SMU Data and Models

SMU Distributor Apparent Excess/Deficit Inventories Results & Forecast

Written by John Packard

For the second month in a row, Steel Market Update (SMU) did reasonably well with our forecast for August shipments, inventories and where we thought the Apparent Deficit/Excess for service center carbon flat rolled inventories would be at the end of August.

SMU forecast shipments of hot rolled, cold rolled and coated steels would total 2,353,000 net tons for the month of August. Based on the Metals Service Center Institute (MSCI) reporting from earlier this week, actual shipments out of the distributors totaled 2,321,000 net tons. Our forecast for a higher distributor daily shipment was correct. However, the size of the increase was slightly less than what we expected.

At the same time, SMU forecast total flat rolled inventories would be at 4,862,000 net tons, while MSCI reported inventories to be 4,754,000 net tons. This is one area that we got the direction wrong. We forecast daily receipts would rise from 108,465 tons per day in July to 111,623 tons per day in August. Receipts actually fell to 105,625 tons per day.

Based on our proprietary model, SMU forecast service centers would be carrying 50,000 tons of excess inventories at the end of the month. At +50,000, we would consider the service center inventories to be balanced. The actual total of excess/deficit in flat rolled inventories was a deficit of 26,000 tons, which we also consider to be an essentially balanced position for the U.S. flat rolled distributors.

September Forecast

Using the same proprietary formula as July and August, SMU is now forecasting total shipments for September to be 2,010,000 tons. This is down slightly from August, but there are three fewer shipping days in September (20) versus the 23 shipping days in August.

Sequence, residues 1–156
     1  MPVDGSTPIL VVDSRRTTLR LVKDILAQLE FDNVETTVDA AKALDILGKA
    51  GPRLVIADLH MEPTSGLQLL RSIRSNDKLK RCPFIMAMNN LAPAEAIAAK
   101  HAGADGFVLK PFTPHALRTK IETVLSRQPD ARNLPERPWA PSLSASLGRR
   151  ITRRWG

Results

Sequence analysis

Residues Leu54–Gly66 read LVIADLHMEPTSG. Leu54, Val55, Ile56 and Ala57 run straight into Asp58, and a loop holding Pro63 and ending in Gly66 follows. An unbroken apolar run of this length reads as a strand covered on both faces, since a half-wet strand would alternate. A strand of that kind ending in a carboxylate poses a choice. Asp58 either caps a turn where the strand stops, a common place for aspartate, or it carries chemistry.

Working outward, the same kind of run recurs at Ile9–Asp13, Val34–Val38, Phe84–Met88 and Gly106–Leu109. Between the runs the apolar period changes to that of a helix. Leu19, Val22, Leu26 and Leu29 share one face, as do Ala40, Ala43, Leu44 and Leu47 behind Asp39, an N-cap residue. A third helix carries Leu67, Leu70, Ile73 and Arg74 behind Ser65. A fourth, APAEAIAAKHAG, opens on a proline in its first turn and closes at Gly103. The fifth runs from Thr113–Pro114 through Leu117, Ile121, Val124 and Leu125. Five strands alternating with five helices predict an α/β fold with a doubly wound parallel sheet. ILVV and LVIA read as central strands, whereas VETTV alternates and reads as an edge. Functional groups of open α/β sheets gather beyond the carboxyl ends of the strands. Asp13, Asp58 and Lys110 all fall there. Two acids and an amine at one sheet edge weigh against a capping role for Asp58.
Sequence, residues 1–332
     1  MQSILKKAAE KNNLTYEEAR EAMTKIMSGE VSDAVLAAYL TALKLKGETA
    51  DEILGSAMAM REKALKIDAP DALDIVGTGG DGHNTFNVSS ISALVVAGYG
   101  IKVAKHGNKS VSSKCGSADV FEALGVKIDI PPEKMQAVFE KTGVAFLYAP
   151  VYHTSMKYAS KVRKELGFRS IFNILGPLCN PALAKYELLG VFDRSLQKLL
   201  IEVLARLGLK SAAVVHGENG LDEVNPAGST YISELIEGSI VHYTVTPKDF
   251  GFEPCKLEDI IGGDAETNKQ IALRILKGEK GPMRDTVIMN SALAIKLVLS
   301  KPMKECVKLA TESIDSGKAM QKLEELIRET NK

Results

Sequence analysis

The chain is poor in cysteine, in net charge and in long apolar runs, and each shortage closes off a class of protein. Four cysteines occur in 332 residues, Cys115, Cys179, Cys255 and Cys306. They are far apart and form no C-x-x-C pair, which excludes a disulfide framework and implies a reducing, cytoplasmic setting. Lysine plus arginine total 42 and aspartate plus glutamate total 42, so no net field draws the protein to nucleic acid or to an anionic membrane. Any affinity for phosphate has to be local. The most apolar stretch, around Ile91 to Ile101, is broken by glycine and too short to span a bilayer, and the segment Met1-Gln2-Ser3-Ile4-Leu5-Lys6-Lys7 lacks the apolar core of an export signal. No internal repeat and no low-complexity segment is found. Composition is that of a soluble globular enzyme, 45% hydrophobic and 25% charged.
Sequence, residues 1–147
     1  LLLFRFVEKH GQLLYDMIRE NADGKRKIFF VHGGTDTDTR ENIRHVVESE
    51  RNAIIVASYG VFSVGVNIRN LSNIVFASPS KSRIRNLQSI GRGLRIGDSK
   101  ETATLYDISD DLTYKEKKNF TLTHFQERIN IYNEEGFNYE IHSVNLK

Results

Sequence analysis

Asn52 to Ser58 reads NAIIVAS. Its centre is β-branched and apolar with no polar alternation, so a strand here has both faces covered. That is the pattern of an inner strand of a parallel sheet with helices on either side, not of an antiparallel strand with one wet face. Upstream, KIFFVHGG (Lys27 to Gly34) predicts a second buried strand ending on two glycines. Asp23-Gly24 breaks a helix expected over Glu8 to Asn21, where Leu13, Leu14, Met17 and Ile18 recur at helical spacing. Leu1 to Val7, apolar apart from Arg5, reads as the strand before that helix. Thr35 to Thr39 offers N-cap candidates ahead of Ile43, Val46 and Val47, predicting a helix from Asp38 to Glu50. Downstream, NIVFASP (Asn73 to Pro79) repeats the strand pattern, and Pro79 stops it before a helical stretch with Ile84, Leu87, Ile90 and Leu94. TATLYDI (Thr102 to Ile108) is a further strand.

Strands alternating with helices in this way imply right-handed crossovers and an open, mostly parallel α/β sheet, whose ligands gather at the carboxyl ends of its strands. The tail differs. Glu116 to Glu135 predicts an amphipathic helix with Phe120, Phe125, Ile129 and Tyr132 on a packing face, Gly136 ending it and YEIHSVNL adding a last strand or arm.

We believe total inventories at the end of September will be 4,860,000 tons, or just under 100,000 tons higher than what was reported at the end of August by MSCI.

Our forecast also calls for the flat rolled distributor inventories to remain essentially balanced, going from a small deficit of -26,000 tons at the end of August to a small excess totaling +37,000 tons.

Looking out a little further, our forecast calls for the Apparent Inventory Excess to increase through the end of the year before pulling back in early 2018.

If we are correct and the Apparent Excess were to grow, this would begin to put pressure on prices as we head into fourth-quarter 2017.

Here is what that looks like:

We remind everyone that our model assumes the MSCI data to be reasonably correct. We have started working with a number of service centers in order to produce our own inventories index, which we then can compare to whatever other data is available. In the early life of our index, we are not projecting total steel inventories and shipments as MSCI does with their data.

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